Since we’re running multiple Jira instances and a couple hundred different ‘projects,’ or workstreams, just having a tool like Plandek that can integrate and present Jira data is proving extremely valuable. We started implementing it in our group late last year and have completed the initial rollout phase of over 100 projects

In terms of metrics, the individual teams are experimenting with determining which metrics are best suited to the way they work. Quite a few squads, for example, work very true to the Kanban style. Anything to do with velocity, or that requires estimation is not relevant to them because they don’t estimate story points. Teams are free to use metrics that are useful to them. We also have a handful of rolled up metrics that we report on monthly and Plandek has helped reduce what was previously a lot of time-consuming manual tasks to gather the data across the group.

“Just like Agile itself, people and teams embrace [Plandek] at different speeds. Some immediately see great value in being able to measure certain things and identify the bottlenecks.”

Before Plandek we had no way of gathering metrics in a rolled up fashion at all, so we’re definitely seeing value. However introducing Agile metrics is not without its challenges. Just like Agile itself, people and teams embrace it at different speeds. Some immediately see great value in being able to measure certain things and identify the bottlenecks. Others are concerned about being overly-monitored, so we have to reassure those people that we aren’t using metrics as a stick or viewing data out of context. To do this, we agreed as a management team to turn off the ability to drill down into individual’s data and then let individual teams decide if they want to turn it back on again.

What’s helped drive metrics adoption most successfully are the engagement sessions we’ve held with Plandek. In these, Plandek works closely with a particular team that volunteers to showcase their actual (not demo) data to others in the company. Those teams really gain a lot of value from being able to learn from the Plandek consultants, and they also get visibility for their work across the company.

Going back to my original point, there’s nothing black and white about Agile. Trying to achieve total consistency goes against the whole Agile ethos. At the same time, some level of consistency, especially when you’re scaling, is desirable because it provides some common ground for sharing best practices and continuous improvement. It’s much easier for people to adjust to a gain, then a loss, so I would advise other companies in our situation to hang onto some reins of consistency while empowering teams with the flexibility to adapt Agile – and metrics – to their unique requirements.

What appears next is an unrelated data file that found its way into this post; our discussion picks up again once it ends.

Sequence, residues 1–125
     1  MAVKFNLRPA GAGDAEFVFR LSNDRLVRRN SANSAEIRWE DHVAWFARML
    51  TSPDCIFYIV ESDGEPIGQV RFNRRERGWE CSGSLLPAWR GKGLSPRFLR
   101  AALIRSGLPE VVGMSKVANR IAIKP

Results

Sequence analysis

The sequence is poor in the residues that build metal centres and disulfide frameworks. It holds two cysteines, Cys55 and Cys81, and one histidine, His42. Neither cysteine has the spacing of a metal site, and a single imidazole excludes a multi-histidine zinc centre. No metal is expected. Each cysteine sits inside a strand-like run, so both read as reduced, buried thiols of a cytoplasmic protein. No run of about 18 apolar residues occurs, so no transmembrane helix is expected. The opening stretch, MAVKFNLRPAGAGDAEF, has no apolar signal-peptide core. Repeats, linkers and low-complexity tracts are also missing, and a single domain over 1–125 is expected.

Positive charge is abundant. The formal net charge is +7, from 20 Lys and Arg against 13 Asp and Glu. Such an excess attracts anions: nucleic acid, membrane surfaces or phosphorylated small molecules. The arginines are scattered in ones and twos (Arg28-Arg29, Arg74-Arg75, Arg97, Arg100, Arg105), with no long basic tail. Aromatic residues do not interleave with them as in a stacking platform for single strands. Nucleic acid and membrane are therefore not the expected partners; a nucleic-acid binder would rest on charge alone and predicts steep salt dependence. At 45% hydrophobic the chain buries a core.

Found this article useful? Share it with your network and tag Plandek.

Stay tuned – we will be publishing our next CXO Blog post shortly! Follow Plandek on LinkedIn for more updates.

The following article has been published in ComputerWeekly and TechTarget

https://www.computerweekly.com/blog/CW-Developer-Network/Plandek-co-CEO-5-areas-for-Agile-team-self-improvement

https://itknowledgeexchange.techtarget.com/cwdn/plandek-co-ceo-5-areas-for-agile-team-self-improvement/

In his role co-CEO of big data analytics company PlandekCharlie Ponsonby guest writes for the Computer Weekly Developer Network to examine how teams can get more out of Agile development projects.

Plandek uses proprietary algorithms to synthesise complex fuzzy data-sets to provide actionable insights designed to improve productivity today and early-warning signs to mitigate against the problem projects of tomorrow.

Ponsonby writes as follows…

Now that Agile is officially mainstream, development teams must not allow old, ingrained habits to resurface and dilute its potential. This is a very real risk.

Agile, is, after all, a relative term and fairly meaningless unless qualified. So do you know how agile your development is? One-way to embed the culture change required to answer that key question is through self-improvement (SI) processes underpinned by the right agility metrics.

Agile is already closely linked to SI — let’s remember that the Agile Manifesto states: “At regular intervals, the team reflects on how to become more effective, then tunes and adjusts its behaviour accordingly.”

In other words, Agile is about continuous, team-driven SI. The fact that retrospectives is among the top five Agile techniques underscores SI’s importance (source: State of Agile report).

Nevertheless, SI efforts regularly fail due to inadequate leadership and follow-through. Teams either don’t have the right tools to collect the data or that they set the wrong metrics. The latter can be especially problematic when Agile development projects are scaling.

At Plandek and in former positions, our leadership team has had the opportunity to work hands on with a wide variety of Agile engineering teams – from start-ups to very large, distributed enterprises. Based on these experiences we have been able to identify five critical areas for effective Agile team SI.

#1 Commitment & sponsorship